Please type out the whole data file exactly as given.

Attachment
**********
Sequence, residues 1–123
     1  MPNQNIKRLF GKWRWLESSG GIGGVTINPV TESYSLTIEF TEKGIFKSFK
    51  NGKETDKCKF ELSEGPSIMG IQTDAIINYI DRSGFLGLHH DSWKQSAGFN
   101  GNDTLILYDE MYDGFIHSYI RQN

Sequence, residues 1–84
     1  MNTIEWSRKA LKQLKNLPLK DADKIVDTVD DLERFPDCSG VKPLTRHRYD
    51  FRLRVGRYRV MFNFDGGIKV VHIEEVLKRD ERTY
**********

Sequence, residues 1–123
     1  MPNQNIKRLF GKWRWLESSG GIGGVTINPV TESYSLTIEF TEKGIFKSFK
    51  NGKETDKCKF ELSEGPSIMG IQTDAIINYI DRSGFLGLHH DSWKQSAGFN
   101  GNDTLILYDE MYDGFIHSYI RQN

Sequence, residues 1–84
     1  MNTIEWSRKA LKQLKNLPLK DADKIVDTVD DLERFPDCSG VKPLTRHRYD
    51  FRLRVGRYRV MFNFDGGIKV VHIEEVLKRD ERTY